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Title:
COMPONENTS AND CORRESPONDING METHODS OF MANUFACTURE PROVIDING VIBRATION-DAMPING PROPERTIES
Document Type and Number:
WIPO Patent Application WO/2018/163147
Kind Code:
A1
Abstract:
A manufacturing process and corresponding mechanical components are formed by additive manufacturing so as to include fully encapsulated cavities containing powder, typically deployed in distributed locations within the component, so as to increase the damping properties of the component compared to a similar component without such cavities. Since the filled cavities are completely enclosed, they do not impinge on the overall performance characteristics of the component and do not require maintenance.

Inventors:
SETTER EYAL (IL)
PRIVMAN NETA (IL)
Application Number:
PCT/IL2018/050126
Publication Date:
September 13, 2018
Filing Date:
February 05, 2018
Export Citation:
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Assignee:
RAFAEL ADVANCED DEFENSE SYSTEMS LTD (IL)
International Classes:
F16F9/30; B28B1/00; B28B5/00; B28B7/04
Foreign References:
US20150052898A12015-02-26
US20160222796A12016-08-04
US20150034604A12015-02-05
Attorney, Agent or Firm:
FRIEDMAN, Mark (Moshe Aviv Tower 54th floo, 7 Jabotinsky Street 07 Ramat Gan, IL)
Download PDF:
Claims:
WHAT IS CLAIMED IS:

1. A process for producing a structural component with vibration- damping properties, the process comprising the steps of:

(a) deploying a layer of a granular composition;

(b) selectively amalgamating at least one region of said layer to form a solid-layer profile of the structural component;

(c) repeating the steps of deploying and selectively amalgamating so as to form successive solid-layer profiles of the structural component, each solid-layer profile being united with a preceding one of said solid-layer profiles, until the structural component is complete,

wherein successive of said solid-layer profiles are formed such that the final structaral component fully encloses at least one internal cavity within which a quantity of said granular composition remains trapped.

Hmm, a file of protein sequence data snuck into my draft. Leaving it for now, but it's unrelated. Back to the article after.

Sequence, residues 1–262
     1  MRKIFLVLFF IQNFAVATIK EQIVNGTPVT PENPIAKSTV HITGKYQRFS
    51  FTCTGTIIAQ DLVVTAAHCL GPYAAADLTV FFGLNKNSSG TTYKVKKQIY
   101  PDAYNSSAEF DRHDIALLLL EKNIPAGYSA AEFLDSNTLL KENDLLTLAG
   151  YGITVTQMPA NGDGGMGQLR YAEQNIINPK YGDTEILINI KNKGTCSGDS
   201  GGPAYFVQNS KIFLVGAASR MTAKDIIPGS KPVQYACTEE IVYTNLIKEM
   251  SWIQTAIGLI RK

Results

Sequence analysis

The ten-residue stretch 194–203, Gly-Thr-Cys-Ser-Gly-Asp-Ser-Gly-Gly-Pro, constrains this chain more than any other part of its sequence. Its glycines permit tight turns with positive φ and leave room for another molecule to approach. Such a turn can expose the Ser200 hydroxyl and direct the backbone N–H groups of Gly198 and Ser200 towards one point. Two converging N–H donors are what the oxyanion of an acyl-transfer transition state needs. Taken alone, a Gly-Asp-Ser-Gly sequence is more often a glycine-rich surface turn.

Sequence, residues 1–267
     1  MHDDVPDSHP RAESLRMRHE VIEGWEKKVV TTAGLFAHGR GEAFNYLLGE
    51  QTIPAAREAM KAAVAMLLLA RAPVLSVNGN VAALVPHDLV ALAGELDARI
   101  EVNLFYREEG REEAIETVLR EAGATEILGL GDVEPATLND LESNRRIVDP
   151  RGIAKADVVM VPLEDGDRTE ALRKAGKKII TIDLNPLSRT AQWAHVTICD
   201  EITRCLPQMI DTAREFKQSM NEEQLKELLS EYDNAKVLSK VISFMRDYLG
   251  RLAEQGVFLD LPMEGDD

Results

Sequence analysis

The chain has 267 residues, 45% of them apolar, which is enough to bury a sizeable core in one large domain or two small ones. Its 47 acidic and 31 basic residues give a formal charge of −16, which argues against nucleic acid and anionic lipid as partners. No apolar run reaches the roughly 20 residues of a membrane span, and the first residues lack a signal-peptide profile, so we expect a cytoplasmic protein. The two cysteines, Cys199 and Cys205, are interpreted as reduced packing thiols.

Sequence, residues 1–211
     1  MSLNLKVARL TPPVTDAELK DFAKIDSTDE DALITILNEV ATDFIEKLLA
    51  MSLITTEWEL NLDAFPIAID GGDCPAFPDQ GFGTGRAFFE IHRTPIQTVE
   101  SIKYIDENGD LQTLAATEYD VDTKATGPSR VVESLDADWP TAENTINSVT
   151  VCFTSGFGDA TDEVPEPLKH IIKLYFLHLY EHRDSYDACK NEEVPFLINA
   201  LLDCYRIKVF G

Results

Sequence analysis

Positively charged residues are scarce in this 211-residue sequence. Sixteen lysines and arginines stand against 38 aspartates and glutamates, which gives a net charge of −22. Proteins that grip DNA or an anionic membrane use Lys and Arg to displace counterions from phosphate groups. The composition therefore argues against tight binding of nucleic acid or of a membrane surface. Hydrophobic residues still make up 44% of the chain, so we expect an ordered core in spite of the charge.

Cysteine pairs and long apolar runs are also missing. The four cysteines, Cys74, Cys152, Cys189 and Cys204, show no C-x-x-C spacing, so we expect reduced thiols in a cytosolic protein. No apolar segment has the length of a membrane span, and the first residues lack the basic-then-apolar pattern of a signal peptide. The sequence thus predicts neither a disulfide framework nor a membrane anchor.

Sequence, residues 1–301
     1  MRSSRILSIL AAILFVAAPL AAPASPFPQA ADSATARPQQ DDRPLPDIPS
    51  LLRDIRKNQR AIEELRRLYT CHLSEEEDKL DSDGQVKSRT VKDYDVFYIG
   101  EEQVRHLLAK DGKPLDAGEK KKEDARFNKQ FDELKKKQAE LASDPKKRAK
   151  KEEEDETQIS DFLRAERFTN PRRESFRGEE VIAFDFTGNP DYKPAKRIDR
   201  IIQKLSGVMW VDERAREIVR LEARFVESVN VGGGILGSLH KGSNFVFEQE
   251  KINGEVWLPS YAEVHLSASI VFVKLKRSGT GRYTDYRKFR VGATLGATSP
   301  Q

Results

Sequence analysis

2. The process of claim 1, wherein said granular composition comprises a metal or metal alloy.

3. The process of claim I, wherein each of said layers comprises a uniform layer of a uniform granular composition.

4. The process of claim 1, wherein at least a subset of said layers comprise a layer containing distinct regions of distinct granular compositions.

5. The process of claim 1, wherein said selectively amalgamating is performed by a directed beam of electromagnetic energy.

6. The process of claim 1, wherein said selectively amalgamating is performed by selective application of a binding composition.

7. The process of claim 1, wherein said final structural component fully encloses a plurality of said internal cavities within which a quantity of said granular composition remains trapped, said plurality of said internal cavities being distributed so as to be deployed symmetrically about an axis of symmetry or a plane of symmetry of said final structural component.

8. The process of claim 1, further comprising providing a system, said stractural component being configured to operate as a part of the system, wherein operation of the system induces vibration of said stractural component in at least one oscillatory mode defining at least one region of primary oscillatory displacement, and wherein said at least one internal cavity is located in said at least one region of primary oscillatory displacement.